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Today: 9:00 AM - 5:00 PM
Open now through January 2023
The wilderness can be a beautiful thing. From the stunning landscapes found in nature to the interactions between wildlife, oftentimes these moments go uncaptured, but Thomas D. Mangelsen has dedicated his life to photographing these amazing encounters and one-of-a-kind moments.
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From a working 19th-century belt-driven machine shop to engaging interactives and a MakerSpace, River of Innovation is our newest can't miss permanent exhibit!
Part aquarium, part museum, part science center, the National Mississippi River Museum & Aquarium inspires stewardship by creating educational experiences where history and rivers come alive!
Showtimes: 11 a.m. & 1 p.m.
Follow Adam, a solitary teenager, as he sets out to trace back his long-lost father. Deep into the woods, Adam is faced with an unbelievable revelation: his father is no other than…Bigfoot. As they start making up for lost time, they’re faced with the menace of two greedy hunters. Join Bigfoot and son, and all their quirky woodland animals friends, for the adventure of a lifetime !
Showtimes: Noon & 2 p.m.
The ability to fly is one of the greatest wonders in the natural world. Millions of creatures soar above our heads today, using a fabulous variety of techniques to defy gravity. But how did animals make the incredible transition from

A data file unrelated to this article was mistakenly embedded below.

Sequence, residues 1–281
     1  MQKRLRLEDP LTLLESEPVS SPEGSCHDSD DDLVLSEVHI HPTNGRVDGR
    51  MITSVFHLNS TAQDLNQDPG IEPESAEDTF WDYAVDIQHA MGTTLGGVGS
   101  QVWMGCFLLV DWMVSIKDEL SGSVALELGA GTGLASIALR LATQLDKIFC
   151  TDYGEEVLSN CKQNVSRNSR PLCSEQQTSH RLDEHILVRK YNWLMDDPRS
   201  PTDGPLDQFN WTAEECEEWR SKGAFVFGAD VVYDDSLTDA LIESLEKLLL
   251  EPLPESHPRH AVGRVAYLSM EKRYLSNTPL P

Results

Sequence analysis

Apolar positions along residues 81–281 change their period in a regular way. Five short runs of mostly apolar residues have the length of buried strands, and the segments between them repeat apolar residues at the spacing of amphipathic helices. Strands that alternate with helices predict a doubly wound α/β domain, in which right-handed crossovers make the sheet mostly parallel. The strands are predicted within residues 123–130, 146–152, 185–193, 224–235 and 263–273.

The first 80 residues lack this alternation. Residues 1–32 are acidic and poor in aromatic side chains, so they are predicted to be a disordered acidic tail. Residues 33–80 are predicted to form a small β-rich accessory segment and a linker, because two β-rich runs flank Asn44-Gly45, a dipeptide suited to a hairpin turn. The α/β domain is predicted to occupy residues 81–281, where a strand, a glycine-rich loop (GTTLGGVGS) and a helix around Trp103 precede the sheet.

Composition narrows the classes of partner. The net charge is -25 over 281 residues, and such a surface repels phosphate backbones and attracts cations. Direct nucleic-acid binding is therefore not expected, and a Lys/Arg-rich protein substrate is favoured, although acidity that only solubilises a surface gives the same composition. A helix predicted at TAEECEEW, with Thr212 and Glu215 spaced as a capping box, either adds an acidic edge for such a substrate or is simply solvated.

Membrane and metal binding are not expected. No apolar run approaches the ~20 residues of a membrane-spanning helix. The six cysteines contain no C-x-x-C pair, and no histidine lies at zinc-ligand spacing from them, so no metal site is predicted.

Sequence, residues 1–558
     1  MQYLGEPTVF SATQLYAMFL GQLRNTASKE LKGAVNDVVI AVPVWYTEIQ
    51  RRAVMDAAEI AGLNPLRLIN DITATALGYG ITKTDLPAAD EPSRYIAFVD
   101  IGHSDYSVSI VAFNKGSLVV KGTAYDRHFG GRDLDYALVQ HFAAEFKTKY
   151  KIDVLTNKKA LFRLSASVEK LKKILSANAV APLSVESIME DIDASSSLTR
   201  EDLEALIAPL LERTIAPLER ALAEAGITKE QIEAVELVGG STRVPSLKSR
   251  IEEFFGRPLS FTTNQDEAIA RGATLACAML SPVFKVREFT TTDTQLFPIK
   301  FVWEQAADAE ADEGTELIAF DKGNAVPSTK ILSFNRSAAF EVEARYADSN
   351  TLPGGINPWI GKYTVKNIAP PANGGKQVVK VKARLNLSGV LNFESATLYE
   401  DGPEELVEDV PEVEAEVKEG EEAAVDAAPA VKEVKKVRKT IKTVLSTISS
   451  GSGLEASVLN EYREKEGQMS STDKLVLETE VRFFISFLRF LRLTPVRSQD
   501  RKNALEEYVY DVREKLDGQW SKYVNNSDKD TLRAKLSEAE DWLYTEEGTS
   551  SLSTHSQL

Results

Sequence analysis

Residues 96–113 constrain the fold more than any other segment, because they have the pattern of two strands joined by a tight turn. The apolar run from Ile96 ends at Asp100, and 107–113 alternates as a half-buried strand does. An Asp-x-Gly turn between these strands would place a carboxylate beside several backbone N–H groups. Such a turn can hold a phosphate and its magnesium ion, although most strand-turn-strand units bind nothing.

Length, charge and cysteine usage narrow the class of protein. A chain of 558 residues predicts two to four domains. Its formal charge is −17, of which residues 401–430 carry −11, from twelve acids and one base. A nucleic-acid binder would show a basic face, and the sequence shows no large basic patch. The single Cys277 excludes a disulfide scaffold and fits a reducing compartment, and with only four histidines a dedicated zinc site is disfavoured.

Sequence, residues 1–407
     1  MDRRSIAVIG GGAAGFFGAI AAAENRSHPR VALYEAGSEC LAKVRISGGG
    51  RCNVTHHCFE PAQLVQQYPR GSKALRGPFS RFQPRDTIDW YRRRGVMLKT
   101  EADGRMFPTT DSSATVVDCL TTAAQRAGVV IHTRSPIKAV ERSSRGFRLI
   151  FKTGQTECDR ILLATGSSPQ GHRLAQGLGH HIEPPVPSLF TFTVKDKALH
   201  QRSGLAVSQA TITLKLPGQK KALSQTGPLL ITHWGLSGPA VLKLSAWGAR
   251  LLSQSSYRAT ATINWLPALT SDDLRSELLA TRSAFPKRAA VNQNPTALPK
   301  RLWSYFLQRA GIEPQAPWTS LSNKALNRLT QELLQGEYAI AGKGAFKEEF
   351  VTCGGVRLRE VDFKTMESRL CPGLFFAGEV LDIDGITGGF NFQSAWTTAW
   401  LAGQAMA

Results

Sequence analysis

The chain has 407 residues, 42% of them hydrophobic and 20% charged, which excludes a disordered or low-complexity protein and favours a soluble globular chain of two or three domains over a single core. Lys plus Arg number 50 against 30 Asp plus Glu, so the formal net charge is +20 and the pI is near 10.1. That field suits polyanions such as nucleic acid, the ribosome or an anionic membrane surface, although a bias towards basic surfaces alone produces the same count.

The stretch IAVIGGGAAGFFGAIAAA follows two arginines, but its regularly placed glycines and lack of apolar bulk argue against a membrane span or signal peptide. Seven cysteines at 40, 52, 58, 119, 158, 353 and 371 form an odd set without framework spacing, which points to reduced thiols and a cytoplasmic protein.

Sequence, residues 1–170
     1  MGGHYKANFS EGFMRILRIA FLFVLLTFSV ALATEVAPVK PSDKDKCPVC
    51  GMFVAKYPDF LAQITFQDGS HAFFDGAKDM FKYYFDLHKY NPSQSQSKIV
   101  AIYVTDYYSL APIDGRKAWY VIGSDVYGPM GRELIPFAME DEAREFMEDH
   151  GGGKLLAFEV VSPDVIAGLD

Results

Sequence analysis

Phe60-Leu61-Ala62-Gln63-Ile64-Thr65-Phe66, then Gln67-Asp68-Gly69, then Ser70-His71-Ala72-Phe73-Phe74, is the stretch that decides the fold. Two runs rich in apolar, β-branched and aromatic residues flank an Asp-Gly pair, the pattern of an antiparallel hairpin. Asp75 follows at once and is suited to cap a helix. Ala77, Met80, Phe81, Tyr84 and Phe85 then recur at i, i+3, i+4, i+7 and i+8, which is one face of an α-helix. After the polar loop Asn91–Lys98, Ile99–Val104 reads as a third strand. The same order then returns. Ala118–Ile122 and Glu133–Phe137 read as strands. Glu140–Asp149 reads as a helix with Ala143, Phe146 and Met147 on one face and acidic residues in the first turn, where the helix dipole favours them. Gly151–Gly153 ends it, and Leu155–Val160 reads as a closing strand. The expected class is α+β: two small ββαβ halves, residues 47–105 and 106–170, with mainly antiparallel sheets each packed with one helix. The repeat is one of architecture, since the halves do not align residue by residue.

land to air? See the whole world of flying creatures: from ancient pterosaurs to night-flying bats, and from acrobatic dragonflies to the hummingbirds which beat their wings more than 80 times a second.
Found throughout the Mississippi River and the southeastern part of America, the Bowfin is a primitive species, sometimes referred to as a “living fossil” as it’s the only living representative of the family Amiidae, which dates back to the Jurassic Period. Bowfin have a lunglike swim bladder that allows them to surface and breathe air; this is advantageous as it allows the fish to live in warmer bodies of water, where oxygen levels are lower. Bowfin feed on fish, frogs, crustaceans, and insects and can grow to 20-30 inches in length. Bowfin (Latin name Amia calva) are often referred to by one of their many nicknames, Dogfish and Grinnel being just two of them.
Learn about more species by clicking the button below!
For thousands of years, the shells of the windowpane oyster have been processed there into an affordable and durable substitute for glass. The windowpane oyster, known by its scientific name of Placuna placenta, is a mollusk and is edible, although it is sought mostly for its shell for use in windows, jewelry, and artwork.
The Museum & Aquarium's vision is to become the world's leader in interpreting and protecting the life, history and culture of our rivers, to create a more global, knowledgeable and engaged citizen. Among our many conservation efforts are citizen science programs, propagation of endangered species, promotion of the Monterey Bay Aquarium's Seafood Watch, and above all else, education.